Two major Chinese social media platforms have been censoring coronavirus content since the beginning of the outbreak, according to a report from Citizen Lab published Tuesday.
The report said that terms related to the coronavirus were censored on WeChat, China's most popular messaging app, starting on January 1. They were also censored on livestreaming site YY starting on December 31, the same day authorities in Wuhan, the virus' city of origin, made its first public announcement about the disease and China's government notified the World Health Organization.
Citizen Lab said it found 500 different keyword combinations that had been censored between January 1 and February 15.
"Our results show that at least one Chinese social media platform began blocking COVID-19 content three weeks before this official announcement, which strongly suggests that social media companies came under government pressure to censor information at early stages of the outbreak," Citizen Lab said.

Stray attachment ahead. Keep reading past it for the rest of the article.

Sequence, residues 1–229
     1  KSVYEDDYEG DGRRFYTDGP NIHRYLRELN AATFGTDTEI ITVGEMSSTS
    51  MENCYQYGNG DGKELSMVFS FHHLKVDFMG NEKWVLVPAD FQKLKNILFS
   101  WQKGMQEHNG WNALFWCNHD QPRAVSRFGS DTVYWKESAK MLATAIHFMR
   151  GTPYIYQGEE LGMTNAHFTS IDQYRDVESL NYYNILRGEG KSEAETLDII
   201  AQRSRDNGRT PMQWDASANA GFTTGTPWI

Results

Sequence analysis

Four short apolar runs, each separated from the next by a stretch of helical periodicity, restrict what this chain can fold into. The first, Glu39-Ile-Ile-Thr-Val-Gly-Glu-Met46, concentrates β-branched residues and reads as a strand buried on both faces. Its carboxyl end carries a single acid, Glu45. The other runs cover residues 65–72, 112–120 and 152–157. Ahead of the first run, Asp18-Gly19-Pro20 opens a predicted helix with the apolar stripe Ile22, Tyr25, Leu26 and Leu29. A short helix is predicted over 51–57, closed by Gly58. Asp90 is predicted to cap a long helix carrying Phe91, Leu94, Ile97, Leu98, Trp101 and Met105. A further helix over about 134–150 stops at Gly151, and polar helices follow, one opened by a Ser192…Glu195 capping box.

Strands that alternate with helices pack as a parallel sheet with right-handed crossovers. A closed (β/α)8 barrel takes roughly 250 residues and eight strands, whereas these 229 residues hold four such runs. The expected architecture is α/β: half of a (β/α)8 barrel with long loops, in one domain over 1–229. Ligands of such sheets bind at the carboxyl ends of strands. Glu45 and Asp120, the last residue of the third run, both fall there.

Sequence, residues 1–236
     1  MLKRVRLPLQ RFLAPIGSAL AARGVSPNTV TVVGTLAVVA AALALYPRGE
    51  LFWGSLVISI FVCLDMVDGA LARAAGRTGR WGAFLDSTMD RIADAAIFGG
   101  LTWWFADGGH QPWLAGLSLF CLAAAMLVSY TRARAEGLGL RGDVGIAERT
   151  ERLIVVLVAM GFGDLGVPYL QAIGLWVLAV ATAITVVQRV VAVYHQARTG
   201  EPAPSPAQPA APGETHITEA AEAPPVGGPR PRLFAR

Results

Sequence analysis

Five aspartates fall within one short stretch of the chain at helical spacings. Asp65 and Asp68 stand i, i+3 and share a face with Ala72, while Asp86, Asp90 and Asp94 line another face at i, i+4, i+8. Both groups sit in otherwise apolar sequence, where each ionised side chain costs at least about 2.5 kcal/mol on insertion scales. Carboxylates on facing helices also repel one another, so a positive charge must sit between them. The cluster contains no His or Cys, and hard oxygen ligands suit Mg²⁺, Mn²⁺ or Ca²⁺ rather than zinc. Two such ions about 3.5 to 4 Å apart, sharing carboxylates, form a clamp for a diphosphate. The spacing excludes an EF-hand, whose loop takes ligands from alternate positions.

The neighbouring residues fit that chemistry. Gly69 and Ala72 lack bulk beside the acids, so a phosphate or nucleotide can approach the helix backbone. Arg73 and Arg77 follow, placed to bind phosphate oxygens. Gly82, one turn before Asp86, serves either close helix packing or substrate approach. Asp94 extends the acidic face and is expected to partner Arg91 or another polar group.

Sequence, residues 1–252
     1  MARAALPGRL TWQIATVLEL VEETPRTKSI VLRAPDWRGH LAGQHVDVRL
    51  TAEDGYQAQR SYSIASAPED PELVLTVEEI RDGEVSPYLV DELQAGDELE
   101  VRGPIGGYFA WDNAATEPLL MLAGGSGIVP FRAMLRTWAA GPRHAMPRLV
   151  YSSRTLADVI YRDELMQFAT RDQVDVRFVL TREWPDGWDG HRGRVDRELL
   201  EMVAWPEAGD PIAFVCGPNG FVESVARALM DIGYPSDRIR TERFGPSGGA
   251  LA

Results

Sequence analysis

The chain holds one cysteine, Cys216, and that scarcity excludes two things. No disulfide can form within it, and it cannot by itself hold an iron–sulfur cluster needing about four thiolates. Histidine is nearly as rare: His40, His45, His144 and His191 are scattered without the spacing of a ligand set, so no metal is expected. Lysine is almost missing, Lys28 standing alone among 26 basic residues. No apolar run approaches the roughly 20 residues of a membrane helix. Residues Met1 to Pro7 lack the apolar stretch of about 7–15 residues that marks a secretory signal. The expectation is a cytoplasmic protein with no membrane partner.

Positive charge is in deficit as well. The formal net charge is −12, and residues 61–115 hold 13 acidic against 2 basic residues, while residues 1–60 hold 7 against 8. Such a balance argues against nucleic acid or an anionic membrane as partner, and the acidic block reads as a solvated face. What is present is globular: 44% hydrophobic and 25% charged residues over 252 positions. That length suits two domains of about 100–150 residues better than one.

YY censored terms like "SARS outbreak in Wuhan," "Unknown Wuhan Pneumonia," and "Wuhan Seafood Market." WeChat censored terms like "Xi Jinping Epidemic spread" and "Wuhan Pneumonia Virus Li Keqiang." Li Keqiang was the official put in charge of the outbreak.
Searches for "Li Wenliang" were also censored. Li was an ophthalmologist who first sounded the alarm about the virus on December 30 in his medical school alumni group. He was later required to sign a letter saying he had lied about the virus.
China announced that the virus could transfer between people on January 20.